Friday, March 23, 2012

16th Best of PlayGround Festival Announced!

PlayGround, San Francisco’s incubator for the next generation of playwrights, caps off its 2011-12 season with the Best of PlayGround 16: A Festival of New Writers & New Plays. The festival will present five 10-minute plays and two 10-minute musicals selected from the 36 works developed as part of the season’s Monday Night PlayGround staged reading series at Berkeley Repertory Theatre. Monday Night PlayGround has engaged and inspired a growing and enthusiastic audience with new plays and now musicals inspired by a single topic each month, including “Bay Area Stories”, “Heroes/Heroines”, and, as part of a unique annual collaboration with Berkeley’s Mathematical Sciences Research Institute, “Patterns of Chaos” on the mathematics of randomness. Tickets are available through the Box Office at 415-992-6677 or online at www.PlayGround-sf.org.

The five plays and two musicals to be presented at this year’s festival are:
You Eat What You Kill by Cleavon Smith, directed by M. Graham Smith
Ships in the Day by Genevieve Jessee, directed by Joy Carlin
Room for Rent by Mercedes Segesvary, directed by Jessica Heidt
Hella Love Oakland by Robin Lynn Rodriguez, directed by Jon Tracy
Childless by Garret Jon Groenveld, music by Christopher Winslow, directed by Raelle Myrick-Hodges
Meet the Breeders by Ignacio Zulueta, music by Don Seaver, directed by Tracy Ward
Miss Finknagle Succumbs to Chaos by Kirk Shimano, directed by Jim Kleinmann

Honorable mentions this year are awarded to Tom Swift for Pregnancy Test, Ken Slattery for When Emoticons Run High and Leah Halper for Home Front.
                   
The 2012 Festival also features staged readings of seven new full-length plays commissioned by PlayGround from writers Trevor Allen, Daniel Heath, Jonathan Luskin, Katie May, Evelyn Jean Pine, Mandy Hodge Rizvi, and Ken Slattery.
                                                                   
Event:              Best of PlayGround 16: A Festival of New Writers & New Plays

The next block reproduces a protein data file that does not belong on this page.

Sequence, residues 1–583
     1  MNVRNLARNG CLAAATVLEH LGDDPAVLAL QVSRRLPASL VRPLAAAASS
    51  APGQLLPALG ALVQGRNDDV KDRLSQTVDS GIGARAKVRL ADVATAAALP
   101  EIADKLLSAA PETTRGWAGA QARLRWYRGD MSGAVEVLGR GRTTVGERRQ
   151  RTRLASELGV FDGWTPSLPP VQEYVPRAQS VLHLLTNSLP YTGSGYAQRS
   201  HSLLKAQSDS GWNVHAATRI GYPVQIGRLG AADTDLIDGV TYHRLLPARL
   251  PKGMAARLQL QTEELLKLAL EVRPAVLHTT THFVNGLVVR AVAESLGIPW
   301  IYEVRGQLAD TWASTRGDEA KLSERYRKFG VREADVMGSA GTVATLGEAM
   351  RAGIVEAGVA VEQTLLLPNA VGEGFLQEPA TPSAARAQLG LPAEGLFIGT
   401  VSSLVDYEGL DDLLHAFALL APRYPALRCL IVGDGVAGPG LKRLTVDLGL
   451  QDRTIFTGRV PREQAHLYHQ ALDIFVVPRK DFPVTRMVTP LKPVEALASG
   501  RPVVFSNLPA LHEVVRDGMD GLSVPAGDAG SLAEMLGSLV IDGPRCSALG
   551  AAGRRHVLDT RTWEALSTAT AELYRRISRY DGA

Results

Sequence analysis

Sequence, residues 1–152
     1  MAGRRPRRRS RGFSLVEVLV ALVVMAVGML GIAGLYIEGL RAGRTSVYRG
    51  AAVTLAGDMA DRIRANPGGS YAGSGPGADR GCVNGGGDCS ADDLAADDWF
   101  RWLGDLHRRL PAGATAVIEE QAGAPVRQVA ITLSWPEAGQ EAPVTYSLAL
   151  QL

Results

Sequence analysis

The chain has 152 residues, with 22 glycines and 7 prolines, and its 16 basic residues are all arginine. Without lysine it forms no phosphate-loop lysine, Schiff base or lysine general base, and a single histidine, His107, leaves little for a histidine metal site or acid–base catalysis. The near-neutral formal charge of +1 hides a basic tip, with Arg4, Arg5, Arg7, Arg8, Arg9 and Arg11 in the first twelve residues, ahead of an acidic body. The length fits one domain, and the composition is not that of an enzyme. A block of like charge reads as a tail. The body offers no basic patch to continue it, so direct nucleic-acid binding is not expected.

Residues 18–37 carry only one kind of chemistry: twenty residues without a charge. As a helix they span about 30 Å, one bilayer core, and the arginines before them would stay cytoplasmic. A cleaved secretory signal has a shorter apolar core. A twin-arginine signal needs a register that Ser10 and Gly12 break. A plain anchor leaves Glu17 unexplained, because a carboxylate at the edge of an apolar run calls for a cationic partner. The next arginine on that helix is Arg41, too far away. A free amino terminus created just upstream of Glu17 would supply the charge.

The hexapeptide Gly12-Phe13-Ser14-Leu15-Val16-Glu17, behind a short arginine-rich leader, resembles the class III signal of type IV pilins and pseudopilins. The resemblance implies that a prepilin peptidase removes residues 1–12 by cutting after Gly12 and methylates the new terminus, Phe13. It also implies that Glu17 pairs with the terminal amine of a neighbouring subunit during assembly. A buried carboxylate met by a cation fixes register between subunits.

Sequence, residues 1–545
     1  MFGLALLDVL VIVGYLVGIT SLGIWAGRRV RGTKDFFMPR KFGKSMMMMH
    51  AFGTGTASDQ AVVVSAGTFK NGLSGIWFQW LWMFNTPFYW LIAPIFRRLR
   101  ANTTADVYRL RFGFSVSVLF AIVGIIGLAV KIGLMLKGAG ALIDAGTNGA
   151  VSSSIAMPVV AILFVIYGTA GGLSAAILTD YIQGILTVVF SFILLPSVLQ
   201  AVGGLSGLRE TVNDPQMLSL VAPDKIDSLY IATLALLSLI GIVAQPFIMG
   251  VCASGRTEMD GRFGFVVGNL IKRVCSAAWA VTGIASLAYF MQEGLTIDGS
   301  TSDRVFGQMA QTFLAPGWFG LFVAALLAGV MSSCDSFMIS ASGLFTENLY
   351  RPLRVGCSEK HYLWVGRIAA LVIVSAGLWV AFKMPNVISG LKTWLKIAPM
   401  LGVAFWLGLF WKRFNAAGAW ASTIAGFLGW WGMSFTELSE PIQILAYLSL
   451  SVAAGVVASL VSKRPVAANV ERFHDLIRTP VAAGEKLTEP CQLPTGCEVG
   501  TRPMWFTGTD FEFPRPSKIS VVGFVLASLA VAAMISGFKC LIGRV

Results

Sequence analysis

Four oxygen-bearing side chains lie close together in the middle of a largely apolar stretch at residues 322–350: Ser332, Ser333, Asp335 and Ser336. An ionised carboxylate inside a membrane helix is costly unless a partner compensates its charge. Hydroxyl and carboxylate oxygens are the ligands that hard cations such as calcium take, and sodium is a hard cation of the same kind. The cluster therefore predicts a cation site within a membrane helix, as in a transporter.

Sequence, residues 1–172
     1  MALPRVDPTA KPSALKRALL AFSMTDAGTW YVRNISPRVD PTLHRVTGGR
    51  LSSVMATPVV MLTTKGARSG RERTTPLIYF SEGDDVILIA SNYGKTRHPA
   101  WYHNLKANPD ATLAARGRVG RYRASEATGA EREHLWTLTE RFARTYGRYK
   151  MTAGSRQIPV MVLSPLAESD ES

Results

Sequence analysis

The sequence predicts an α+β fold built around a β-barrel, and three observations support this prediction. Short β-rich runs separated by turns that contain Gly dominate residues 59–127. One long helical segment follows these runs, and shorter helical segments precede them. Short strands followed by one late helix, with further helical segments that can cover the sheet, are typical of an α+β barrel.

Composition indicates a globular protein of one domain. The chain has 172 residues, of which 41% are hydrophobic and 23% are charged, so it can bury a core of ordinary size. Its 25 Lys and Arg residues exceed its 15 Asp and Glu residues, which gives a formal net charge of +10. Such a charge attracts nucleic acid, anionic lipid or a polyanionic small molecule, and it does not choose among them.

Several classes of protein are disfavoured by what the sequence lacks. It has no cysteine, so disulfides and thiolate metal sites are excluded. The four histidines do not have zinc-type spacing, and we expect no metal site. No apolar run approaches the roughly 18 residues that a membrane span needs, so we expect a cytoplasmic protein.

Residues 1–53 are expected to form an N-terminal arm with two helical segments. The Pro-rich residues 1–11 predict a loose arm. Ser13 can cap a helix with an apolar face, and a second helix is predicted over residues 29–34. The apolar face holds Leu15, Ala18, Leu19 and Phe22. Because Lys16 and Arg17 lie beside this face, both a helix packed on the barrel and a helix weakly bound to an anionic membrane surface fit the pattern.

Date:                Thursdays - Sundays, May 3 - 27 (Friday, May 4th, press night)
Time:               Thurs. - Sat., 8pm; Sun., 7pm
Location:          Thick House, 1695 18th Street, San Francisco
Tickets:            Best of PlayGround: $25-$40 (general), discounts available for students, PlayGround subscribers and members, and groups of 10 or more. Thursdays, May 3, 10, 17, and 24 are Pay-What-You-Can performances; Pay-What-You-Can tickets go on sale one hour before the performance, first-come first-served, subject to availability.
Staged Readings: $10 suggested donation at the door
For tickets call (415) 992-6677 or on-line at www.PlayGround-sf.org
Information:     Jim Kleinmann, Artistic Director; 415.992.6677;
                        jim@PlayGround-sf.org; www.PlayGround-sf.org

Performance Schedule
·         Best of PlayGround 16 - All seven short plays are presented at each performance, Thursdays through Saturdays at 8pm and Sundays at 7pm (Sunday evenings, May 13, 20, and 27, are followed by post-show discussion with festival playwrights)

·         Staged Readings:
Sunday, 5/6/2012, 2pm:  Valley of Sand by Trevor Allen, directed by Rick Lombardo
Monday, 5/7/2012, 7pm:  Altair by Evelyn Jean Pine, directed by M. Graham Smith
Sunday, 5/13/2012, 2pm:  Ecce Homo by Jonathan Luskin, directed by Meredith McDonough
Monday, 5/14/2012, 7pm:  Manic Pixie Dream Girl by Katie May, directed by Jon Tracy
Sunday, 5/20/2012, 2pm:  Siren by Daniel Heath, directed by Raelle Myrick-Hodges
Monday, 5/21/2012, 7pm:  The Shakespeare Bug by Ken Slattery, directed by Jessica Heidt
Sunday, 5/27/2012, 2pm:  Drive Thru-Open till Midnite or Later by Mandy Hodge Rizvi, directed by Molly Noble

PlayGround Benefit & Awards Night